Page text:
The survey findings make clear that respondents see sustainability as a tool for improving performance in the broadest possible sense: increasing revenues, improving efficiency, and reducing risk.
And they’re putting that tool to use at the business process level, where it’s becoming a mechanism for gaining market advantage.
The question then becomes how to elevate sustainability to a strategic input for making decisions at the highest levels of the company. There are two related areas in which business leaders can start: changing their mindsets about the value of sustainability and using sustainability metrics to manage their companies.
Treat sustainability metrics equally with financials. If CEOs have performance dashboards, the gauges are likely mostly, if not entirely, tuned to financial goals and metrics – because that’s what the company and its stakeholders have been trained to understand as determining success and failure. But stakeholders are increasingly demanding that business leaders include sustainability goals and metrics when they evaluate performance.
The survey results show that sustainability has become a tool for improving performance deep within the belly of the company – at the process level. But for this work to be fully successful, executives at the top of the company need to recognize sustainability’s value for steering it.
Connect sustainability with financial materiality. Previous research by SAP Insights suggests that most companies don’t yet see sustainability as financially material to their companies. Yet all the ways that our survey respondents tell us they’re using sustainability to improve performance at the process level suggests that that view is changing. We think data makes the difference: in our previous research, we found that companies with more data about the environmental effects of their businesses are more likely to expect that operating sustainably will increase long-term revenues and profits.
Create an integrated balance sheet. If sustainability is to have equal stature with financials as a management tool, business leaders need to understand the environmental and societal effects of the company with the same degree of precision with which they understand their finances.
Admittedly, this hasn’t been easy. There are so many arcanely named organizations working on competing sustainability measurement standards that they’ve practically cornered the market on acronyms. And many of these standards are still works in progress.
But this shouldn’t be an excuse for inaction. For companies doing business in the European Union, new sustainability accounting regulations will soon hit harder than a slab of breakaway Arctic ice. Starting in 2024, the EU is going to mandate double materiality analysis for 55,000 businesses in Europe and millions more globally with an EU footprint.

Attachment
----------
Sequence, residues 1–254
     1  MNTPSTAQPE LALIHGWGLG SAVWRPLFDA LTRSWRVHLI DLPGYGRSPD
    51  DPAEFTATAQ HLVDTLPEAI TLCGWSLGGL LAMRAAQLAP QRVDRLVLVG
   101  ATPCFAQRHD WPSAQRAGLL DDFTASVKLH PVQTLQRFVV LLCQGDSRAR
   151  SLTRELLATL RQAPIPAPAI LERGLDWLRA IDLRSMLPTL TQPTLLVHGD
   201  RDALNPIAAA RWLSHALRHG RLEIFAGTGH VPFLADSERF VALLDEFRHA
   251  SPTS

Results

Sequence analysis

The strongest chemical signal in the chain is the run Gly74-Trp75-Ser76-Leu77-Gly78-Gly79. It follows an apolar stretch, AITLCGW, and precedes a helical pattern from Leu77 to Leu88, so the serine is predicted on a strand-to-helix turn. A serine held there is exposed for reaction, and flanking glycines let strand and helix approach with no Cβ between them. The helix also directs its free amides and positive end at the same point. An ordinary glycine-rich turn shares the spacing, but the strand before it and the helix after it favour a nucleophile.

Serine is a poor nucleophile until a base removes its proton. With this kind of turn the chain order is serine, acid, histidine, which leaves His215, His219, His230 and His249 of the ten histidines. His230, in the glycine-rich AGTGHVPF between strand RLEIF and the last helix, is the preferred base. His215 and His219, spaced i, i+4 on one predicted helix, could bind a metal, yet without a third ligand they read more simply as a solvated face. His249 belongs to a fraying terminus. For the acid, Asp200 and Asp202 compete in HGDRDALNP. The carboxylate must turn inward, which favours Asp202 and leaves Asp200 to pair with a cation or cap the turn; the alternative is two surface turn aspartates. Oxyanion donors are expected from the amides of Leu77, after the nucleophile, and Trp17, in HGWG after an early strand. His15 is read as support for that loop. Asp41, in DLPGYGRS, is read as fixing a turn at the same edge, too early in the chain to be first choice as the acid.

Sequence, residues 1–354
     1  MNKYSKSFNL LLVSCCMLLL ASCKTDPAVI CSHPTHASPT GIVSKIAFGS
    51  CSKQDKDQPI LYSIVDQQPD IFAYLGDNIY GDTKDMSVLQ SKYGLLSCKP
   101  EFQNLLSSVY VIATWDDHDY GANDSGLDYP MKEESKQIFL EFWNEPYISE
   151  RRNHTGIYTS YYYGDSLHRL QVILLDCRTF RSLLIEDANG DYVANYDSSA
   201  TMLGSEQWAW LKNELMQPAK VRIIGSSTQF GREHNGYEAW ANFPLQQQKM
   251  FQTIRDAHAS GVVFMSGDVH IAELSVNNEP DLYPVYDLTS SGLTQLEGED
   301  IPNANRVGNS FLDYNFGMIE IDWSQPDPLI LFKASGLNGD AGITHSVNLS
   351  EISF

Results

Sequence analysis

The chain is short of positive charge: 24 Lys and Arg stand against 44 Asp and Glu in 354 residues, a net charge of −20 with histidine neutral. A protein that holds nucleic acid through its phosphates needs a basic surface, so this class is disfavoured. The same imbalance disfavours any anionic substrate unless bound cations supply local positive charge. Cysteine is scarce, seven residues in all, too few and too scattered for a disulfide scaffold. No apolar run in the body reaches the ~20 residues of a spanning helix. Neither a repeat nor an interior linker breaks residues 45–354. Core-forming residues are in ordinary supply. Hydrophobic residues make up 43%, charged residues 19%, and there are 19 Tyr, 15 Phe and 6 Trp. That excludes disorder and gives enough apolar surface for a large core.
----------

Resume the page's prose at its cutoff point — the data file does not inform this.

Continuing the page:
According to the EU, companies must “report about how sustainability issues affect their business and about their own impact on people and the environment,” in addition to reporting on issues and events that are typically considered material to financial results, such as the purchase of a competing company or the costs of a new factory. In other words, the EU has recognized that stakeholders need to know how a company affects people and the planet and how both affect a company to fully understand its financial health.
For example, it’s important to know how much a company emits in pollutants or is complicit in human rights violations in its supply chain because it could end up violating regulations, which would trigger fines and require investments for remediation. Similarly, it’s important to know how rising seas or more extreme weather might affect production costs.
Fortunately, you don’t need definitive measurement standards or perfect data to get started. The previous SAP Insights survey found that the largest percentage of respondents developed their sustainability metrics in-house.
Merge digital transformation with sustainability efforts. We rarely see digital transformation and sustainability treated as symbiotic goals. But as we said earlier, the first step toward integrating sustainability into business governance is through measurement, which requires data that increasingly comes from digital processes.
Meanwhile, if (as our survey suggests), business leaders want to use sustainability as a tool for improving business performance, digital is to rethinking processes what flour is to pancakes.
Digital technologies are the only inputs into a business today that have continued to drop dramatically in cost while increasing exponentially in power. That kind of power and savings are needed if sustainability efforts are going to satisfy investors, 81% of whom say they aren’t willing to give up more than one percentage point of their returns in the pursuit of environmental, social, and governance (ESG) goals (even though they also insist they care about these), according to a PwC survey.